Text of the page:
Over the next decade, an estimated 707,000 to 1,116,000 teens with autism will transition out of high school. If trends continue, their participation in post-secondary education or paid employment will be significantly lower than those of their typical peers, or even those with learning disabilities.*
- 36% of young adults with autism enroll in post-secondary education following high school, compared to 62% of their typical peers and even 55% of young adults with learning disabilities.
- 58% of young adults with autism have held community employment, the majority of which were part-time and low-paying jobs. Again, this is significantly lower than even the 95% employment rate among young adults with learning disabilities.
Linden Grove School is encouraged by the increasing array of programs and supports to help teens with autism transition to post-secondary education, meaningful employment, and/or housing and residential supports. To truly help young adults achieve their personal goals whatever they might be, requires increased emphasis on educational programs and supports for school-age children.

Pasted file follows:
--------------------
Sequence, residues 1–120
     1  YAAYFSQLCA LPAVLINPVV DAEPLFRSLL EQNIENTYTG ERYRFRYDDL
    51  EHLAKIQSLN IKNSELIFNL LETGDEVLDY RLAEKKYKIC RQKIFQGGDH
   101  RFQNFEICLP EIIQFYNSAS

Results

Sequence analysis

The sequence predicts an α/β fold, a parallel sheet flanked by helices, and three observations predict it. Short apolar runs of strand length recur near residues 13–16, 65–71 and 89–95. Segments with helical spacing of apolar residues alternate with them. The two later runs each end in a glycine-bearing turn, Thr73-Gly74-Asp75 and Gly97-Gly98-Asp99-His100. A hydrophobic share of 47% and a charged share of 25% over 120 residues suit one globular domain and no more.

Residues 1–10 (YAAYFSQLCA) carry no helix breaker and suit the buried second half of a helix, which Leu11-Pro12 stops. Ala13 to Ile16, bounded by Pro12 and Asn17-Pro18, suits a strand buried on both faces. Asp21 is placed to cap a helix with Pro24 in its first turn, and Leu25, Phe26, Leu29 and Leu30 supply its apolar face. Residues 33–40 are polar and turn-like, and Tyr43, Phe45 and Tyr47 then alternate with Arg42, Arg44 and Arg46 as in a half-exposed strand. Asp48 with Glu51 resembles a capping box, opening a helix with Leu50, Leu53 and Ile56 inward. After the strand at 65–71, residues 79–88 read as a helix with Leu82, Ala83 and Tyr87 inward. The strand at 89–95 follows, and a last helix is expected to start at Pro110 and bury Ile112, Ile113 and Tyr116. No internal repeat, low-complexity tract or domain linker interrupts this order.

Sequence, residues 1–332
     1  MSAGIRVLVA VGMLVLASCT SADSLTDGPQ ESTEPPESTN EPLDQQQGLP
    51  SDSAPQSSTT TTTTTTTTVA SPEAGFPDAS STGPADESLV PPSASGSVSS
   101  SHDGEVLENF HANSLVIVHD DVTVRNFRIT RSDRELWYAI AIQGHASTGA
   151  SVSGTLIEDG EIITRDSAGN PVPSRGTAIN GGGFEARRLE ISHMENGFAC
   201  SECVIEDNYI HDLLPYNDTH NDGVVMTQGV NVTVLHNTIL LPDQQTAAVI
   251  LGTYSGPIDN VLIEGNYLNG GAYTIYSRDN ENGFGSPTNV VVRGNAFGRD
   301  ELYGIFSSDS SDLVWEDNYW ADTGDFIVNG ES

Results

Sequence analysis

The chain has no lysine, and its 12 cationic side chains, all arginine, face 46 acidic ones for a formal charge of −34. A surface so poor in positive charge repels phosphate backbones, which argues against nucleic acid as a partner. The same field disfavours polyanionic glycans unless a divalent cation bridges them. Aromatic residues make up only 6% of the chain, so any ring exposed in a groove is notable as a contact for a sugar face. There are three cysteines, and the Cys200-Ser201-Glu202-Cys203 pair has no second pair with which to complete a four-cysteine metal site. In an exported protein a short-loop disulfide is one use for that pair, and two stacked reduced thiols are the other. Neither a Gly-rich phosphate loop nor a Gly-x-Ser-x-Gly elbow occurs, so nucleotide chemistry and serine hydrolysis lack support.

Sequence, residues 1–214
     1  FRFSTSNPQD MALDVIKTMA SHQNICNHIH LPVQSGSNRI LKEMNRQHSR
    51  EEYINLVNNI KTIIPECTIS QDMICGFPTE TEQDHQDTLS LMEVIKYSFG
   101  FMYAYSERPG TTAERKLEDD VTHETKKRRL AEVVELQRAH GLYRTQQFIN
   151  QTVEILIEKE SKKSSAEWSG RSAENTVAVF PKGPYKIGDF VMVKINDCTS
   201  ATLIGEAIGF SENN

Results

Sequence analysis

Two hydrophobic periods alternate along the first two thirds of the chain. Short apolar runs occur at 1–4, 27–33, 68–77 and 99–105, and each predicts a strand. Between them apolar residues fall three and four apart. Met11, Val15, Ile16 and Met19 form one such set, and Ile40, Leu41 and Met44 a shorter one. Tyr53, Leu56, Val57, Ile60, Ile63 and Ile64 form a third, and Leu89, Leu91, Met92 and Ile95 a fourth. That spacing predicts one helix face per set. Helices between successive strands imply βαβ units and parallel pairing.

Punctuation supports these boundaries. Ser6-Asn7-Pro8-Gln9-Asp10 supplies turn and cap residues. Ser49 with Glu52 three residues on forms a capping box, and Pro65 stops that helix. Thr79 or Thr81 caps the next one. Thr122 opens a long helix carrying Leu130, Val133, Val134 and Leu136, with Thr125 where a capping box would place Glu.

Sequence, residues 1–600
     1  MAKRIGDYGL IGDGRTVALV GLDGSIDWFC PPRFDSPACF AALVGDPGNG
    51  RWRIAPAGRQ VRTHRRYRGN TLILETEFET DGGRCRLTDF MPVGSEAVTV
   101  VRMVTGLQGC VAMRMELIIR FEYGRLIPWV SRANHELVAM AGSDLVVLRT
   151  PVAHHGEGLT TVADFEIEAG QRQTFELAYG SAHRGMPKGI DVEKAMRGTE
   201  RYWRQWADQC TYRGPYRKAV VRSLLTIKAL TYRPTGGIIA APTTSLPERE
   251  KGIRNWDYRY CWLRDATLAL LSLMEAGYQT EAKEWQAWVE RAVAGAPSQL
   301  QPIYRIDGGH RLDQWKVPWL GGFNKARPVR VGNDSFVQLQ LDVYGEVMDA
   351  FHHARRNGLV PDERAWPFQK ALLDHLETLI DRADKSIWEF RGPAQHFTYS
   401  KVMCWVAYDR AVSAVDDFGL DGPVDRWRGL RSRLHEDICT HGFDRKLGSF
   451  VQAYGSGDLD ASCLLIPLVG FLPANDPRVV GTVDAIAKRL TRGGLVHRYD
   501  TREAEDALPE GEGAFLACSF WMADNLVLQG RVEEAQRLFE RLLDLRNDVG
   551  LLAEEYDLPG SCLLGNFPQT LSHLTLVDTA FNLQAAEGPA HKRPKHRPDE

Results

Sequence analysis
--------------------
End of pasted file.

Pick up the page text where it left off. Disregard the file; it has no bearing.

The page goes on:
Educational planning for students with autism often addresses a wide range of skill development including academics, language and communication, social skills, behavior, and more. No one program or approach is ideal for all students with autism; families should explore and learn about different options and choose the one they feel is most appropriate.
Once the option for education has been determined, a positive relationship between parents and professionals increases student success. Parents should share with educators their expectations, as well as methods and motivations that work at home; teachers and other professionals similarly share information on their expectations and needs, as well as insights and ideas. Open communication between parents and professionals can lead to more effective goal-setting and evaluation of a student’s progress.
*See studies from the A.J. Drexel Autism Institute, National Center for Special Education Research, and American Academy of Pediatrics.